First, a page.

It's very hard to explain vowels in text. Swedish does have a relatively rich vowel inventory, with a few more than what English has. You can find examples of Swedish vowel sounds here: https://en.wikipedia.org/wiki/Swedish_phonology


https://www.duolingo.com/profile/lagolas2010

English doesn't have ö and ä, I suppose, but those are pretty close to ё and я, are they? Especially inside of мёд and мяч


https://www.duolingo.com/profile/kre000

So "Åt vad skrattar du" would also be correct?


https://www.duolingo.com/profile/Nemomeori

Jag skrattar åt du

is this right?


https://www.duolingo.com/profile/Arnauti

No, after prepositions you need the object form of du: Jag skrattar åt dig.
In English, 'you' happens to be the same in both cases, but if you reverse the roles, it would be You are laughing at me, not You are laughing at I in English, so it really works the same in both languages.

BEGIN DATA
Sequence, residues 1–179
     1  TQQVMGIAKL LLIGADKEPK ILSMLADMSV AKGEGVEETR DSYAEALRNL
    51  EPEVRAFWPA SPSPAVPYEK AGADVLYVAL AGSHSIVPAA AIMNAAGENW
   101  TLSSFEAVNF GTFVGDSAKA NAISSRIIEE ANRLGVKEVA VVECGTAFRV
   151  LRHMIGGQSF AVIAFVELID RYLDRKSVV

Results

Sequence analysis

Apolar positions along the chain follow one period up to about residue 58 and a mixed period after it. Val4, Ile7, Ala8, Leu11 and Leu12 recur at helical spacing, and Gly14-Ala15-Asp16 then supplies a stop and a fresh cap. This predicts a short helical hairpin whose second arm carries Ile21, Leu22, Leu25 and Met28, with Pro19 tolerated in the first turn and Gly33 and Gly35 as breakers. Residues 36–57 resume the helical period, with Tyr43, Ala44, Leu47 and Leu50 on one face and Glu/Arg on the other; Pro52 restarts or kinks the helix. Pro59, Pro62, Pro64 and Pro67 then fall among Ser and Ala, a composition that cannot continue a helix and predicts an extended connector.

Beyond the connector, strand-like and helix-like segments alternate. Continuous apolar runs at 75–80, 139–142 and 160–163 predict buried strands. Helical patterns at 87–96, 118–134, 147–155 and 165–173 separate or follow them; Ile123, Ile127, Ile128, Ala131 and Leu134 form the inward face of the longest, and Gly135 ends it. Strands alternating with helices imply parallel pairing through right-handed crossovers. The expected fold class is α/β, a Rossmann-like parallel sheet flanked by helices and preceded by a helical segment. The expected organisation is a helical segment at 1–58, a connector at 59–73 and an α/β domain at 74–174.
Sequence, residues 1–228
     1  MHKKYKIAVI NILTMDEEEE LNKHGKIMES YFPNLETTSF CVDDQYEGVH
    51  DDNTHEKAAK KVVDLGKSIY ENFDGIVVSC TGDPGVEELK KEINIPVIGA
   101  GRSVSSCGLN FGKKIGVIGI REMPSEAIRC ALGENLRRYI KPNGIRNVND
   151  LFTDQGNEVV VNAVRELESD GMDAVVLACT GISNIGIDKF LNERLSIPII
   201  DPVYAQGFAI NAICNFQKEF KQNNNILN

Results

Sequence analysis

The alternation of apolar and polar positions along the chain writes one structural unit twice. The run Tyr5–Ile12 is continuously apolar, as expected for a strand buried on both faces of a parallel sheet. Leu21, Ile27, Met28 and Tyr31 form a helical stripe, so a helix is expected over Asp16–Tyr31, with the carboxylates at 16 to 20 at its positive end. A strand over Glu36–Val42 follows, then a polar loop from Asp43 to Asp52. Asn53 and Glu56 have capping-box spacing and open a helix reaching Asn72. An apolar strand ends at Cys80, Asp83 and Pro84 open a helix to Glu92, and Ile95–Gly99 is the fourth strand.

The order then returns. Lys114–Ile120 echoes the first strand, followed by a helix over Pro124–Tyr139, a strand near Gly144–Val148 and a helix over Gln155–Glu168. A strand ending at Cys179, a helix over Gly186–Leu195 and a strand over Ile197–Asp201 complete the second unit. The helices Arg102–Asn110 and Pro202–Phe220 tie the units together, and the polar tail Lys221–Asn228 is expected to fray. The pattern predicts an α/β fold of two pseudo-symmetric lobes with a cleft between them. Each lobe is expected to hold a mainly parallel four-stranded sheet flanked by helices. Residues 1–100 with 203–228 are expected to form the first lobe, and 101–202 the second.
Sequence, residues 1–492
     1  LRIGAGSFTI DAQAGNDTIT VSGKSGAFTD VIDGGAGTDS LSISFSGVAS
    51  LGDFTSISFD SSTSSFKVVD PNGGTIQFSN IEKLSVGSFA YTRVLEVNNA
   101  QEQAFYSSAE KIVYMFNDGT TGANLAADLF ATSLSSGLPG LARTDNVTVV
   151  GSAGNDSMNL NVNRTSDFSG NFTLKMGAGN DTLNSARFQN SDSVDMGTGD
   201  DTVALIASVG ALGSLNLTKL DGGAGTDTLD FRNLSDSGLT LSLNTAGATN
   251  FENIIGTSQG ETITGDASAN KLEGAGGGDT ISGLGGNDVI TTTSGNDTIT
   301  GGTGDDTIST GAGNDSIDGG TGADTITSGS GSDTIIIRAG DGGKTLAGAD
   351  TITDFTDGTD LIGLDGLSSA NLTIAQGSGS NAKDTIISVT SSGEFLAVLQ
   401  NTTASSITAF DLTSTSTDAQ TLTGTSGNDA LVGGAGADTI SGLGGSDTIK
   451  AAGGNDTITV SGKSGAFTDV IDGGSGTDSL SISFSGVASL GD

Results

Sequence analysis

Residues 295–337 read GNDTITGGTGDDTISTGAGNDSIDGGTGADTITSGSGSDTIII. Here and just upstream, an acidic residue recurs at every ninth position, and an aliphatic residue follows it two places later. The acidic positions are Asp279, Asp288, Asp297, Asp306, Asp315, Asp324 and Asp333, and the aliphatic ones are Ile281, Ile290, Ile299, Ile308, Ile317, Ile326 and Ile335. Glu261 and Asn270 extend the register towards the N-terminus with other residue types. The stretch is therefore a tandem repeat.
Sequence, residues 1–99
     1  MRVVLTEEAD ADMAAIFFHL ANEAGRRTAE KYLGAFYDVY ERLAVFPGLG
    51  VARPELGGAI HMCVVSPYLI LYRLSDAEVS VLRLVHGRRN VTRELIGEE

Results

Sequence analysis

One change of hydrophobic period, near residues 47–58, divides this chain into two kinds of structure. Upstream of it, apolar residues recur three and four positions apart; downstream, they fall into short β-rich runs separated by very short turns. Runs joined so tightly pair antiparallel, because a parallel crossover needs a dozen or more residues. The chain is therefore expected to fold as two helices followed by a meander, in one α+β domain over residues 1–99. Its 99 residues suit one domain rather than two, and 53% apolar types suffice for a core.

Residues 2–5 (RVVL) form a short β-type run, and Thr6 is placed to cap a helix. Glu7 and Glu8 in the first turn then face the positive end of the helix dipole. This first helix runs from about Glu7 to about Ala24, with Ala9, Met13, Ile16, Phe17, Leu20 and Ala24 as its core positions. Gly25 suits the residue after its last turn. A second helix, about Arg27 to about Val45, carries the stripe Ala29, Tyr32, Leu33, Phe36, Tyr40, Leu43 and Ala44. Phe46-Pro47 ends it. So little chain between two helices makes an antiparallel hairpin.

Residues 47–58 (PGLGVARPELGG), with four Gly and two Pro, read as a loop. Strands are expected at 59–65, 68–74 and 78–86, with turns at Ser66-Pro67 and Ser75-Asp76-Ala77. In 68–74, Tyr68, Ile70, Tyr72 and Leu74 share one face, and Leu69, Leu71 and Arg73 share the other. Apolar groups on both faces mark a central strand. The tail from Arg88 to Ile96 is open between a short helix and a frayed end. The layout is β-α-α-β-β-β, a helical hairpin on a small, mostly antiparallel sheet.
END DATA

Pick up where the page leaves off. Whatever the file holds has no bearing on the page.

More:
https://www.duolingo.com/profile/DAGHLM19

What's the difference betwen åt and att?


https://www.duolingo.com/profile/JoakimEk

Even though both might be translated into "to" in English, they are different words with different usage and meaning.

"Att" is used before infinite verbs in sentences like "Jag kommer att vinna"="I am going to win". It can also be use as "that" in sentences like "Är det sant att jorden är rund" = "is it true that the earth is round".